Adult-initiated shared decisions with young people
Ex. A community coordinator asks young people for event ideas for Youth Week. The young people suggest having a skating event. The coordinator and young people work together to make decisions and apply for funding.
Young people-initiated and directed Ex.  A group of students gets permission from the principal to run an environmental day. The students make the decisions and the schools provide support.
Young people-initiated, shared decisions with adults Ex. Young people decide the need one-stop-shop in their village. They partner with adults from different organizations and together lobby the government for resources.

Why did I choose this tool?

I chose this tool because it helps a trainer or a learner to evaluate and reflect on every activity that has been organized or participated in. It can be used as a tool for critical evaluation of certain activities. A group of young people can reflect on each activity and give share experience when they thought they participated in youth-friendly and youth-inclusive activity before knowing the ladder and afterward when the ladder and the levels have been explained.

Reflection questions:

In which activities that you consider as a high level of participation have you taken part?

How do you create an activity that represents a high level of participation?

How much are learners aware of being tokens, decorative figures or manipulated in certain activities?

What do you need to do to move from one level of the ladder to another?

Exercises:

– Describe what you would say to a friend that doesn’t want to vote in elections? She doesn’t believe that voting will change anything and that no one from the candidates does not relate to her personal goals and work. 

– Take a group of learners and ask them to think of the last action for a cause they had? Share your personal experience as well. How would you make a difference if it was a decoration, manipulation or true youth participation?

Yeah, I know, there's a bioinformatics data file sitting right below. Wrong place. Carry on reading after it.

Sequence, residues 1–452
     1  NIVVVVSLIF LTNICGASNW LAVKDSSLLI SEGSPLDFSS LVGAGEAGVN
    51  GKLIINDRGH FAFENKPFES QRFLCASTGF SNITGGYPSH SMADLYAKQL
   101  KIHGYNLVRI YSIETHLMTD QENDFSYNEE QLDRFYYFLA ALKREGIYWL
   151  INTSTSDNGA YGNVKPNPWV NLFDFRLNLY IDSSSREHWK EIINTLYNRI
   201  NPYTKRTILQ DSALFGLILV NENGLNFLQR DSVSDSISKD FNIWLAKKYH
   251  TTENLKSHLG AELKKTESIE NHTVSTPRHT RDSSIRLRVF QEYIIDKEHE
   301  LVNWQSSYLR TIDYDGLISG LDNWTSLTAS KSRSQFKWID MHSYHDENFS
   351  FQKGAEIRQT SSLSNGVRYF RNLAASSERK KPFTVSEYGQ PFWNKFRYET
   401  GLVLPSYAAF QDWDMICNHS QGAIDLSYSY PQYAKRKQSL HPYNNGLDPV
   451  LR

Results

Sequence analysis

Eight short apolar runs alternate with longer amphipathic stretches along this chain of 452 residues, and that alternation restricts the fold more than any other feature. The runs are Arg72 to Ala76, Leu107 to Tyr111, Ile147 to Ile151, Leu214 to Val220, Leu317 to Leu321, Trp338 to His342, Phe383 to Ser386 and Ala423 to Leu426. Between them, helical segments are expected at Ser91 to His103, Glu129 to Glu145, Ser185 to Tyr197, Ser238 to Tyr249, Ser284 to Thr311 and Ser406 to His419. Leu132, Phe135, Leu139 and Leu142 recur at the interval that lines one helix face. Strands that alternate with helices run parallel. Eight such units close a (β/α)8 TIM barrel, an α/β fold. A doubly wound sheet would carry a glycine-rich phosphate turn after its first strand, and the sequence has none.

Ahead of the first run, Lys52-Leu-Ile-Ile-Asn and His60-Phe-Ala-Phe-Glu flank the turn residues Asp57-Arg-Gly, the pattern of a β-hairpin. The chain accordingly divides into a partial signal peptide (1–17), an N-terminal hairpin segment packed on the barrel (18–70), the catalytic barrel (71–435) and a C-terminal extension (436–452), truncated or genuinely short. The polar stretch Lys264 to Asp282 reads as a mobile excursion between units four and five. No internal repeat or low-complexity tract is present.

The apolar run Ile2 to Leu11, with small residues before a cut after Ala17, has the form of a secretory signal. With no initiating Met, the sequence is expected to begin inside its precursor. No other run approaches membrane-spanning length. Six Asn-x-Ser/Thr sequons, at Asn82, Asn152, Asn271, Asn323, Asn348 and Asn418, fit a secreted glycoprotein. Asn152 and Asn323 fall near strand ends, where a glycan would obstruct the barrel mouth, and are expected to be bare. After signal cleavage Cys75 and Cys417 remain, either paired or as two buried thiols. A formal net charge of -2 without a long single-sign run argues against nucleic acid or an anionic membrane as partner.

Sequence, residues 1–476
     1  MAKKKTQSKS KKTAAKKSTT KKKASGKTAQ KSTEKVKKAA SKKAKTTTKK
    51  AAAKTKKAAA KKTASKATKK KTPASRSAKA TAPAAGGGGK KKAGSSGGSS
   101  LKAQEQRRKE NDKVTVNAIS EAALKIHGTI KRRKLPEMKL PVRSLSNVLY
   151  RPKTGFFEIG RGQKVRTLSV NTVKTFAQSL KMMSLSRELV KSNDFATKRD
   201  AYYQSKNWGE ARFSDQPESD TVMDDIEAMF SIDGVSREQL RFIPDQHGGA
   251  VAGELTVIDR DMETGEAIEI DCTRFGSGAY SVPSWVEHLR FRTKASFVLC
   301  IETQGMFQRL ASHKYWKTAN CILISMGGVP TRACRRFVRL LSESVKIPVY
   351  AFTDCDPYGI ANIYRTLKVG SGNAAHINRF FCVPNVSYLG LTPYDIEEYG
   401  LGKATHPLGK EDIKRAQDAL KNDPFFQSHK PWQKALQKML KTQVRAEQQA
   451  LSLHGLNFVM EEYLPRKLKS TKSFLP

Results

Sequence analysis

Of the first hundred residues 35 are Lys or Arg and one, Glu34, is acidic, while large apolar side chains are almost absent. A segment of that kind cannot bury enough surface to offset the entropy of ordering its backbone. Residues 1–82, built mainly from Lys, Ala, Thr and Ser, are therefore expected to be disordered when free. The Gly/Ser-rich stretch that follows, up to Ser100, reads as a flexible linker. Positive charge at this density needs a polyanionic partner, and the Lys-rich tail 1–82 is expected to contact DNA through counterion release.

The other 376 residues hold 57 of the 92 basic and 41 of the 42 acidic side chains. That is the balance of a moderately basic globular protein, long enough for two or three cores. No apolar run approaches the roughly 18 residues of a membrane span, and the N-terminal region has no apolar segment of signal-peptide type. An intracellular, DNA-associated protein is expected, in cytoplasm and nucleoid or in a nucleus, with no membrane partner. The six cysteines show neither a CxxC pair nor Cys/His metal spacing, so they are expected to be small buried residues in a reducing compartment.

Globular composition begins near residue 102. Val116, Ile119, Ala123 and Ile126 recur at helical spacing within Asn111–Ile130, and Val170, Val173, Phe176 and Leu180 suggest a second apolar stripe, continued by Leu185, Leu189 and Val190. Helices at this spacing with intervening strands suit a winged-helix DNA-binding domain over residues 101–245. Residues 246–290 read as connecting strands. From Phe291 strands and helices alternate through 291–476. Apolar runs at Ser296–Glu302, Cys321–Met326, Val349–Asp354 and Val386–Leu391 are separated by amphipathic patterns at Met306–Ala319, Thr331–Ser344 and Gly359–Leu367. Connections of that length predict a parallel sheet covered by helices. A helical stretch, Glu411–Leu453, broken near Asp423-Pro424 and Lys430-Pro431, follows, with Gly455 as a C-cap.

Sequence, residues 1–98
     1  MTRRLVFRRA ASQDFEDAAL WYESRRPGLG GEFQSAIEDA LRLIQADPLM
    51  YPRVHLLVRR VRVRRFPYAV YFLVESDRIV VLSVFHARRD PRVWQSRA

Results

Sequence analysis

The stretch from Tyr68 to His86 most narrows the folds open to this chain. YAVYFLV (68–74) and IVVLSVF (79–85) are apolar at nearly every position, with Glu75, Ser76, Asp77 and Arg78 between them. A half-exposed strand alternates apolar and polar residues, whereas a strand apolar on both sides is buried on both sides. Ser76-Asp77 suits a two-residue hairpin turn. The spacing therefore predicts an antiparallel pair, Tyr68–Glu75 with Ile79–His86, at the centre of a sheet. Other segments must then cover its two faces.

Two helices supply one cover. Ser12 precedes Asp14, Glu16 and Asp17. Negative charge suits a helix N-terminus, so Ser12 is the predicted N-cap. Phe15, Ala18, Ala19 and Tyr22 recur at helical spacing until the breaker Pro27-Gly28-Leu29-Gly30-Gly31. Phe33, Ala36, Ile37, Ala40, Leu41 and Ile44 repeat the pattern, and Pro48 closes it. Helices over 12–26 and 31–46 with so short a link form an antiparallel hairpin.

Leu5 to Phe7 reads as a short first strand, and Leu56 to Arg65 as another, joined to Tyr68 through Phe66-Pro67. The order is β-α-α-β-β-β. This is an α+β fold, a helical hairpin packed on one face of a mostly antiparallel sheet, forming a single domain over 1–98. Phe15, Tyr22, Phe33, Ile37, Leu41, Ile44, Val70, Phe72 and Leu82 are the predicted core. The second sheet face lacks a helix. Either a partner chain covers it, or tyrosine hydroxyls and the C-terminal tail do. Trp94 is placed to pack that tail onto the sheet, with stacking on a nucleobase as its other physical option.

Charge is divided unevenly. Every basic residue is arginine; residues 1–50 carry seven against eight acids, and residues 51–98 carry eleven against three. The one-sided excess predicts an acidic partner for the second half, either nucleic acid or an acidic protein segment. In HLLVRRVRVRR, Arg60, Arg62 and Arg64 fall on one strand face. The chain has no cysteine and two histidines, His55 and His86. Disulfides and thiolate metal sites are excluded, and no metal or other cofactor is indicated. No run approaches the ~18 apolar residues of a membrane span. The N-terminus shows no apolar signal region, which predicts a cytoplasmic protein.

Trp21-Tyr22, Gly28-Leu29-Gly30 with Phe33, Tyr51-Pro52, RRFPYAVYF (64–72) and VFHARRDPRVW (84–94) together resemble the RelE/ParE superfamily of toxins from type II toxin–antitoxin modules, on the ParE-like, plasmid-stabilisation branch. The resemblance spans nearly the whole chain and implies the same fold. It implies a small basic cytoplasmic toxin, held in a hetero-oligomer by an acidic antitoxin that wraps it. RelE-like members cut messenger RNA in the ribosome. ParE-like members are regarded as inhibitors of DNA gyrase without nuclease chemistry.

Author of the article Anamarija Velinovska

Anamarija was a youth coordinator at Go Green Skopje for two years. She has been managing the national Youth Network of green clubs of the organisation, and coordinating youth projects for advancing environmental education and increasing youth participation. During her work experience, she has delivered several workshops on youth engagement and participation and led the national meetings of the Youth Network. Her trainer experience is upgraded by Erasmus+ projects she coordinated as part of Go Green and the ones she attended, including “Train the Trainers 6”. She continues her studies at the University of Edinburgh, where as part of the National Youth Work Agency of Scotland, she takes part in policy seminars where she delivers workshops on practices of including young people in the design of environmental policies.

Editor: Antonio Jovanovski

Antonio Jovanovski has extensive experience of training and facilitating diverse groups all over Europe. His training and facilitating experience started during his AIESEC years (www.aiesec.org) where he served as President of AIESEC in N. Macedonia and France. Currently, he is a director of a youth environmental NGO (www.gogreen.mk) where he works on the topics of climate change, youth eco-activism, greening of economy, greening of education and jobs. He is also a member of the Pool of trainers of [email protected] partnership on employability and entrepreneurship (www.youthatworkpartnership.org)

Click here to read more about Antonio Jovanovski

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Source
Children participation by Roger Hart; From tokenism to citizenship; UNICEFStepping back from “The ladder”: Reflections on a model of participatory work with childrenSituation of young people in European Union; Commission staff working document” (2018), European CommissionSituation of Young People in European Union, part 5, page 84